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Darwin Correspondence Project

To W. E. Darwin   25 March [1868]1

4 Chester Place | R.— Park. N.W.

March 25th

My dear William.

I hardly feel able to express any opinion on so purely a business a point, & which I presume would be much governed by custom between Partners.—2 If I understand rightly, you propose that all extra profits from the union of the two Banks shd go to A.3 until his income is increased to £500 per annum,—that is until death or retirement of senior partner, when you will share all the profits (& this will include the guaranteed £500) according to some fair scale, relatively to your present position. This does not strike me as unfair on your part, for it wd be rather hard if A were always to have the giant’s share of the gain from the union; but he might maintain that it wd not otherwise be worth his while. I shd. have thought that even in pure business affairs one partner wd regard in some degree the interest of his partner.—

You speak of coming to clear understanding; I hope you mean all to be reduced to writing between you & A & new partners; as in so peculiar an arrangement doubt wd be sure to occur. If possible I wd certainly have some experienced Barrister consider well any agreement, as one so constantly sees that various interpretations may be placed on a set of words.— I agree that it wd be worth your while to join for sake of additional partner & future greater profits & a more active concern.— I hope to God it may succeed.—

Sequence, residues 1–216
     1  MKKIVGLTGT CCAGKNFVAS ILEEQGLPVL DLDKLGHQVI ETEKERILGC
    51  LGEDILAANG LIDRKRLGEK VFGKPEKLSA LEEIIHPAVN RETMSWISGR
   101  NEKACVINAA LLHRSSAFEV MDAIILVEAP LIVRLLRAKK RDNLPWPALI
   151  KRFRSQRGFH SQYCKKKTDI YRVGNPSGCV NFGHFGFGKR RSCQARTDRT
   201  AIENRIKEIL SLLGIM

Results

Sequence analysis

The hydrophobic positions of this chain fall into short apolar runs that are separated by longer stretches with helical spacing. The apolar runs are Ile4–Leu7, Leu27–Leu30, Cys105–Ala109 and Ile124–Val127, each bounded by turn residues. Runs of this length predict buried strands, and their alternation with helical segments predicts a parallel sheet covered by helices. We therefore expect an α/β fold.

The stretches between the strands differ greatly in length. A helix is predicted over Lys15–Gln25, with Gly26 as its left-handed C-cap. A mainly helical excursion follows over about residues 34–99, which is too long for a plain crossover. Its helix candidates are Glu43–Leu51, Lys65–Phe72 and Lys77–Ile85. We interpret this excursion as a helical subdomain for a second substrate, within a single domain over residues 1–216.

Could you delicately hint to A to bear your interest as well as his own in mind.

My dear old Fellow | Yours affect | C. Darwin

I am working like a slave to get corrections for an American Edit of the new Book which is printing in hottest haste.—4


The year is established by the address. CD stayed at 4 Chester Place, Sarah Elizabeth Wedgwood’s house in London, from 11 March to 1 April 1868 (Emma Darwin’s diary (DAR 242)).
The letter concerns the proposed merger of the Southampton and Hampshire Bank, in which William was a partner, with the Southampton Town and Country Bank (see also letter to W. E. Darwin, 21 March [1868]). The merger took place in the following year (see Leonard 1984, p. 34).
George Atherley was the senior partner in the Southampton and Hampshire Bank.
The American edition of Variation was published in April 1868 by Orange Judd & Co. (see letter from George Thurber, 18–20 April 1868).


Leonard, A. G. K. 1984. Stories of Southampton streets. Southampton: Paul Cave.

Variation: The variation of animals and plants under domestication. By Charles Darwin. 2 vols. London: John Murray. 1868.


Gives his opinion on a business transaction involving WED and the Southampton bank.

Letter details

Letter no.
Charles Robert Darwin
William Erasmus Darwin
Sent from
London, Chester Place, 4
Source of text
DAR 210.6: 126
Physical description
ALS 4pp

Please cite as

Darwin Correspondence Project, “Letter no. 6050,” accessed on 12 September 2023,

Also published in The Correspondence of Charles Darwin, vol. 16